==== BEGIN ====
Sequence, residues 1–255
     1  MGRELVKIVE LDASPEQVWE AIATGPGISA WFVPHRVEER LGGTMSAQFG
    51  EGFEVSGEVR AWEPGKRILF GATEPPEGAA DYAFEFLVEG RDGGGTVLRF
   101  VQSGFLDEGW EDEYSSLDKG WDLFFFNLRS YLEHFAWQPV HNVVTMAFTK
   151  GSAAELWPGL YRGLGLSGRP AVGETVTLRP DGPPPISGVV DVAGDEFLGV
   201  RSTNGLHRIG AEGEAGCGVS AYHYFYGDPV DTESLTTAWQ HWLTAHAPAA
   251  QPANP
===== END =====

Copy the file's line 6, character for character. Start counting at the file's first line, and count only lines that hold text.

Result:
   201  RSTNGLHRIG AEGEAGCGVS AYHYFYGDPV DTESLTTAWQ HWLTAHAPAA